Professor David Torgerson, Director of the York Trials Unit, joined the Centre for Health Economics at the University of York in 1995 and became the Director of the York Trials Unit in 2002. Originally a health economist he is a trial methodologist and has published widely on the design and conduct of randomised controlled trials including the book “Designing Randomised Controlled Trials in Health, Education and the Social Sciences (Palgrave Macmillan 2008)”. David has over 200 peer reviewed publications.
As well as designing healthcare trials David is working across the social sciences developing policy trials and is collaborating with the Behavioural Insights Team at the Cabinet Office, and supporting educational trials and trials in criminal justice.
- Diploma in Health Economics
- Module leader for RCT modules
- Member of research committee
David's research interests include trials methodology, musculoskeletal problems, falls, osteoporosis and innovative trial designs.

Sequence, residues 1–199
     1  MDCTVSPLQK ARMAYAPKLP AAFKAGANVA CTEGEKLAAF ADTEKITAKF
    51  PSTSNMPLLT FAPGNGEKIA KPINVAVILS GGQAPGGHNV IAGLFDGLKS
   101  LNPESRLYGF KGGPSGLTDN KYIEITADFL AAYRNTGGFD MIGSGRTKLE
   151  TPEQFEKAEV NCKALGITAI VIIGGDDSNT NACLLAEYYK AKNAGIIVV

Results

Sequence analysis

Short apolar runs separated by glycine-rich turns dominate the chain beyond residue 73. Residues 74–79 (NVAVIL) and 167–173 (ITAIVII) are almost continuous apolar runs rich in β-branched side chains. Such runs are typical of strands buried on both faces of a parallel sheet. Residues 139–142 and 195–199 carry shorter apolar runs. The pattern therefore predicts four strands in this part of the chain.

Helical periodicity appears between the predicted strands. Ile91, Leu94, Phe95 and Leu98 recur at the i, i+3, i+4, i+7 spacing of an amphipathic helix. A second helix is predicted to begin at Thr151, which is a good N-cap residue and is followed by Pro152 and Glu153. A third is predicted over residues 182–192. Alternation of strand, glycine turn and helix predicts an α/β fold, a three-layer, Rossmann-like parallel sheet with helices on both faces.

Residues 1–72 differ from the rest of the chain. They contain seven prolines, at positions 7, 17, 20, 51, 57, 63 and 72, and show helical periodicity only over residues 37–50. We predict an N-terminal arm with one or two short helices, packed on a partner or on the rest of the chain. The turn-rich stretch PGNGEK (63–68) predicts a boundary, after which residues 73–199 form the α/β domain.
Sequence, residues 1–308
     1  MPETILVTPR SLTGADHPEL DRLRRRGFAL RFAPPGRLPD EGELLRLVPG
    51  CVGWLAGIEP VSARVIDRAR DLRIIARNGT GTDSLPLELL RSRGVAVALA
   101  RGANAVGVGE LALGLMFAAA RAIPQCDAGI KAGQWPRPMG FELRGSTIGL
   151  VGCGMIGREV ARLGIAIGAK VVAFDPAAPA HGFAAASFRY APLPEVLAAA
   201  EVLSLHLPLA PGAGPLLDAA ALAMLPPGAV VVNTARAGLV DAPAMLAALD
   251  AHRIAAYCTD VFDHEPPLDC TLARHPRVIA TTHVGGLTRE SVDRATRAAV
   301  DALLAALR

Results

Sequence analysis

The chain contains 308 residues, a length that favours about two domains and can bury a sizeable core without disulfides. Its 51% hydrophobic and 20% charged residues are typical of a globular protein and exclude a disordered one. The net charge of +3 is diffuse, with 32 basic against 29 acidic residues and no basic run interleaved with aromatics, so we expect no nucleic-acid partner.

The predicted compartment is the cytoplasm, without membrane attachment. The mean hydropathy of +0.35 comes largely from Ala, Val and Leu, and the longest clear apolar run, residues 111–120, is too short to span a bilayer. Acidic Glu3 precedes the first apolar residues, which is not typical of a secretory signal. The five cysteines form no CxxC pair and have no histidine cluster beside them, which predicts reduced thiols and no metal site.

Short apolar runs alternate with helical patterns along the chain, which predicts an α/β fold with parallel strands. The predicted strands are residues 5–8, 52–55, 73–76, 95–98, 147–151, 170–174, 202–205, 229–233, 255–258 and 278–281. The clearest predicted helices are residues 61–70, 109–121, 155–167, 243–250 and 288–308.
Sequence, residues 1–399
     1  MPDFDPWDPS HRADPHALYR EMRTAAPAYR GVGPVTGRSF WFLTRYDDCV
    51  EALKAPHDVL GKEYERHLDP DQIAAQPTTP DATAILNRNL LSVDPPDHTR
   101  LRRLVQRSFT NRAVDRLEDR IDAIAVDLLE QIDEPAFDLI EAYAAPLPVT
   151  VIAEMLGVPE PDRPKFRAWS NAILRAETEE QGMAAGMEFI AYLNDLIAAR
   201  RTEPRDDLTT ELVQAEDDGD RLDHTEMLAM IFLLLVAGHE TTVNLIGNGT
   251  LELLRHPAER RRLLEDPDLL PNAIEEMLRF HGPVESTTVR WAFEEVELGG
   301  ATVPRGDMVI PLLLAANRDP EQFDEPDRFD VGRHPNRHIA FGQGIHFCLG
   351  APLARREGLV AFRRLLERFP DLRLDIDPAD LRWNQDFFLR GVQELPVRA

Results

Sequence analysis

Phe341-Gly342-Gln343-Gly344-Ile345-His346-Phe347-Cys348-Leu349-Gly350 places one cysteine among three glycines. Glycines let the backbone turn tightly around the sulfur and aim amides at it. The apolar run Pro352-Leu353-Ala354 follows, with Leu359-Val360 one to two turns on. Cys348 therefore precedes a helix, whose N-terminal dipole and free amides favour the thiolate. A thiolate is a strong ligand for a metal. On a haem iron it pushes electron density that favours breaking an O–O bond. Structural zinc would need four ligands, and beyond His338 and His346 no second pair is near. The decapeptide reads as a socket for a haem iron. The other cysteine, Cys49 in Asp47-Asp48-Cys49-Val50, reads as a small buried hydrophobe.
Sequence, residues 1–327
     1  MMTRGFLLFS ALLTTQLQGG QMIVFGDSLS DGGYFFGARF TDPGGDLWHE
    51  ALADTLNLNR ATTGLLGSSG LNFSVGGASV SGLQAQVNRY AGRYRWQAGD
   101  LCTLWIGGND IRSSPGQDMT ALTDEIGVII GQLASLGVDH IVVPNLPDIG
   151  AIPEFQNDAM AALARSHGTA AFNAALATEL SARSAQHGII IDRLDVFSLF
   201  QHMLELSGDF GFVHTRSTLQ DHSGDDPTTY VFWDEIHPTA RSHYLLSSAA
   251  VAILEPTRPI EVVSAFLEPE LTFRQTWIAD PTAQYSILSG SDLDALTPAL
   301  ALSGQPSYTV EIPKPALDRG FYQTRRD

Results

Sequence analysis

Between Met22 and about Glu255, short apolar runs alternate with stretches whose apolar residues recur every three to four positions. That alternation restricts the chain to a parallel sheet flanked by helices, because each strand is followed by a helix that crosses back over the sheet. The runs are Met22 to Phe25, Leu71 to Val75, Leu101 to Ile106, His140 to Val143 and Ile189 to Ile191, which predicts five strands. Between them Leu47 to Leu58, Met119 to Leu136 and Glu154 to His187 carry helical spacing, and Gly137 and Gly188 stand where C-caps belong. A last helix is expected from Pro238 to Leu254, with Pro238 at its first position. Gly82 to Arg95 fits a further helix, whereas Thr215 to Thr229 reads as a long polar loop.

- REFORM- Multifaceted podiatry intervention for fall prevention in patients over 65 years of age
- CASPAR - Collaborative care in screen- positive elders
- HERO- Hydroxychloroquine Effectiveness in Reducing symptoms of hand Osteoarthritis
- PROMOTE-A pragmatic, double-blind, randomised, placebo-controlled trial of methotrexate to treat painful knee osteoarthritis
- REACCT - the randomised evaluation of the effectiveness and acceptability of computerised therapy
- SCIMITAR+-Smoking cessation for people with severe mental illness
- PROFHER- Proximal Fracture of the Humerus: Evaluation by Randomisation
David is keen to supervise PhDs in the areas of: randomised trials and methodology of randomised trials.
Invited talks and conferences
- Meeting at Parliament about trials in social policy
- Café Scientifique: trials in politics and public policy
Newspaper coverage of:
- Test, Learn, Adapt (Co-authored Cabinet Office paper on using trials in social policy)
Newspaper, Radio and TV coverage of:
- Yoga trial
- Radio 4 interview on Farming Today on badger culling